Social Behavior Change Programming for Public Health Emergencies: Lessons Learned From the USAID Zika Response in Latin America and the Caribbean
This brief provides insights from the social and behavior change (SBC) line of effort during the 2016-2019 Zika response when USAID and its implementing partners collaborated closely with national health ministries and local stakeholders in Latin America and the Caribbean. It describes strengths, weaknesses, gaps, and challenges, and highlights seven key recommendations that future public health emergency responses should incorporate to safeguard the health and well-being of people around the world.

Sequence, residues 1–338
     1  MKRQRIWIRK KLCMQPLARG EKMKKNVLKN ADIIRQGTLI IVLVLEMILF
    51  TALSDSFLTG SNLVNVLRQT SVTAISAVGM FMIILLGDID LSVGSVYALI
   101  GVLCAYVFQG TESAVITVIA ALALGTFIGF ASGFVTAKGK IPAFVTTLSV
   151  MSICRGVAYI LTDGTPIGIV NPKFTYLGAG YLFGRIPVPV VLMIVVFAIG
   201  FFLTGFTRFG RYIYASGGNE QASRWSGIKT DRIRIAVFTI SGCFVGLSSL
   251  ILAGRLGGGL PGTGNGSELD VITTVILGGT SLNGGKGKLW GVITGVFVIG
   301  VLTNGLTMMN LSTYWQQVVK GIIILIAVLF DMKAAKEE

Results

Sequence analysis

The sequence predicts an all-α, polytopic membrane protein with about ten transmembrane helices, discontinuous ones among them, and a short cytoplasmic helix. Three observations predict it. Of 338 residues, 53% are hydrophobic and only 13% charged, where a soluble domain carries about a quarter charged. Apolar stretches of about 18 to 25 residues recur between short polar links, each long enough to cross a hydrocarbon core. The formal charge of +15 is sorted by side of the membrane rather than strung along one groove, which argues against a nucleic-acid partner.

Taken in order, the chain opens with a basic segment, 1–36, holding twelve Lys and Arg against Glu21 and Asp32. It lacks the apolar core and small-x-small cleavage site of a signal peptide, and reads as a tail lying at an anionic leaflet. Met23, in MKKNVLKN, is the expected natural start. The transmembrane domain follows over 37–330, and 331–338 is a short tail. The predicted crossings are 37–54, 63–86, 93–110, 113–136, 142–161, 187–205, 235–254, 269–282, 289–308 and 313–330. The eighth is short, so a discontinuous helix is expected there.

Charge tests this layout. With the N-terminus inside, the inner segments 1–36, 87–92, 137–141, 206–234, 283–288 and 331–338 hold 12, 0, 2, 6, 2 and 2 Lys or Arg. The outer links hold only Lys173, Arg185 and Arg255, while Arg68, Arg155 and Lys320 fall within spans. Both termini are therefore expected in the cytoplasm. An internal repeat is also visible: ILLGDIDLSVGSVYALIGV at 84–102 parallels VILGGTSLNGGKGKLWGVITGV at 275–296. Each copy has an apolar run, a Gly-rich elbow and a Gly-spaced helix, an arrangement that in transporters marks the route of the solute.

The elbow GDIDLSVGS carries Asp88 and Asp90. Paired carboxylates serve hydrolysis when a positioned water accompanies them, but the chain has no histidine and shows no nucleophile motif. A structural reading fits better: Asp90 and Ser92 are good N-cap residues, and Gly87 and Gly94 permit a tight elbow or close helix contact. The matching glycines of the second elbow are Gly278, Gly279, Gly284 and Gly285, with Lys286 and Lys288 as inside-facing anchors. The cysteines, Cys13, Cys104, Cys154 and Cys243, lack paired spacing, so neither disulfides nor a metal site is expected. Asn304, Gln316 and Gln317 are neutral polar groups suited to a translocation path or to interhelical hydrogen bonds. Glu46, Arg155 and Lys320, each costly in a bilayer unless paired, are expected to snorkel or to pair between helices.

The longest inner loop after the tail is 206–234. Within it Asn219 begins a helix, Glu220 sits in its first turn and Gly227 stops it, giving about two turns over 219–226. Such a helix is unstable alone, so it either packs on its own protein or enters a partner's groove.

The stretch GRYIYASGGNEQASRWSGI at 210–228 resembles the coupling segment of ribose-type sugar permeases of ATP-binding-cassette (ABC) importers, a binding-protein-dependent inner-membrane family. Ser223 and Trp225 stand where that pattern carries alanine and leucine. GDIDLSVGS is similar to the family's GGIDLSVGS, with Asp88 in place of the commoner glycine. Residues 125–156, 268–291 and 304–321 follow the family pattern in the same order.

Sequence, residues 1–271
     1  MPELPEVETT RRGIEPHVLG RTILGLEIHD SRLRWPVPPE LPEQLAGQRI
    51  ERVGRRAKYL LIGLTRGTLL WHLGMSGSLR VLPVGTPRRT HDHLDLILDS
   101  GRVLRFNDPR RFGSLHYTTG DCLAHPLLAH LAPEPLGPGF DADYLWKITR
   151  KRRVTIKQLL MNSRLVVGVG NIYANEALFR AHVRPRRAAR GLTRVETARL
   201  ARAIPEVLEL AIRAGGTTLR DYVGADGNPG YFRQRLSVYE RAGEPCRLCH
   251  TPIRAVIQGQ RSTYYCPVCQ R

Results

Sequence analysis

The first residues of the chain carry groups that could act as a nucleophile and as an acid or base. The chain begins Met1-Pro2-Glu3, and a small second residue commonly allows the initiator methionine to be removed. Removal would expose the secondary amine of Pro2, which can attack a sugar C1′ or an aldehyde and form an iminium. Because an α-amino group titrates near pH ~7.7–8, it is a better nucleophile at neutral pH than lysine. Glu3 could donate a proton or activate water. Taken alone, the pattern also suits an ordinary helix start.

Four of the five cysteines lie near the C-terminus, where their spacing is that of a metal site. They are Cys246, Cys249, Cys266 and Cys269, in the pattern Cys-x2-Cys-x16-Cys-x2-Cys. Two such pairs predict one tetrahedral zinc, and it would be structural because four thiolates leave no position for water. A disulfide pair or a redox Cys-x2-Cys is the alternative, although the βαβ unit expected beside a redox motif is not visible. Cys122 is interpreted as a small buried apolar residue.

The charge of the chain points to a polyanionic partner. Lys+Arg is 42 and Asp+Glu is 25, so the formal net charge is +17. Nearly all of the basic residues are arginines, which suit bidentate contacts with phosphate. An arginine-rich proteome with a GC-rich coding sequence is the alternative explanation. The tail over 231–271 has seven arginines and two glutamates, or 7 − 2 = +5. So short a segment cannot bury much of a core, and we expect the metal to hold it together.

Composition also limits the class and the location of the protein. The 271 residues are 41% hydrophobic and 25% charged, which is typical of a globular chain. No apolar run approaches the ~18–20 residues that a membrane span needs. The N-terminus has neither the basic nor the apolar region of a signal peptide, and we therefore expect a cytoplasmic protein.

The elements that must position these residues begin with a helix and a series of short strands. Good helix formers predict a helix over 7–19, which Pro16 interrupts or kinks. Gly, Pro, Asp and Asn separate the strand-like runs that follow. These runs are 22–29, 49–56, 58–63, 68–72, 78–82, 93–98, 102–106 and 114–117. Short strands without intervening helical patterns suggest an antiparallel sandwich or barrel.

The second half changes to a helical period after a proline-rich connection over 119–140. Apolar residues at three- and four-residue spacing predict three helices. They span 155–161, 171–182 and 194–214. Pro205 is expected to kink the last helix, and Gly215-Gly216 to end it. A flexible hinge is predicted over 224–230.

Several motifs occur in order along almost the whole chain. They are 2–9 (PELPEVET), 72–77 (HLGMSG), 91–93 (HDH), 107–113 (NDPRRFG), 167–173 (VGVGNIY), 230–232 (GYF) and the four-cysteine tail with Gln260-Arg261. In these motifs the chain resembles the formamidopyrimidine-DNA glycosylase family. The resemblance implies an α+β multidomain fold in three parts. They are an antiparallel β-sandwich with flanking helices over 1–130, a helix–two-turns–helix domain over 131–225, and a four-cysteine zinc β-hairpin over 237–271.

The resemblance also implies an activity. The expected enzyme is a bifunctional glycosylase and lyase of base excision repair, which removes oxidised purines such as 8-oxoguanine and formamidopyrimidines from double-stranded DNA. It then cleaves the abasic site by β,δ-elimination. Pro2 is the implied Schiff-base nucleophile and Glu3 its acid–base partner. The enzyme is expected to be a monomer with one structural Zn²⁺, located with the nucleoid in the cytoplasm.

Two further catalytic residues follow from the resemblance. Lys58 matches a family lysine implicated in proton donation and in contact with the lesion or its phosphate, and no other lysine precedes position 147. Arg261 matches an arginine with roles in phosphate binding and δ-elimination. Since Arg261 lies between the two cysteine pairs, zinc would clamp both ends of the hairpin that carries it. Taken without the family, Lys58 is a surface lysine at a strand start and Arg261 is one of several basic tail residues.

The seven recommendations are:
- Coordinate with SBC stakeholders at all levels early and often.
- Determine priority preventive behaviors through a participatory process with all stakeholders at the beginning of the response.
- Integrate SBC into other technical areas.
- Engage community members to develop context-appropriate solutions through participatory design methods.
- Identify and mobilize SBC expertise at all levels to ensure availability of skills to implement effective SBC programming.
- Prioritize formative research from the beginning of a response.
- Coordinate monitoring, evaluation, research, and learning activities.
Population Reference Bureau
U.S. Agency for International Development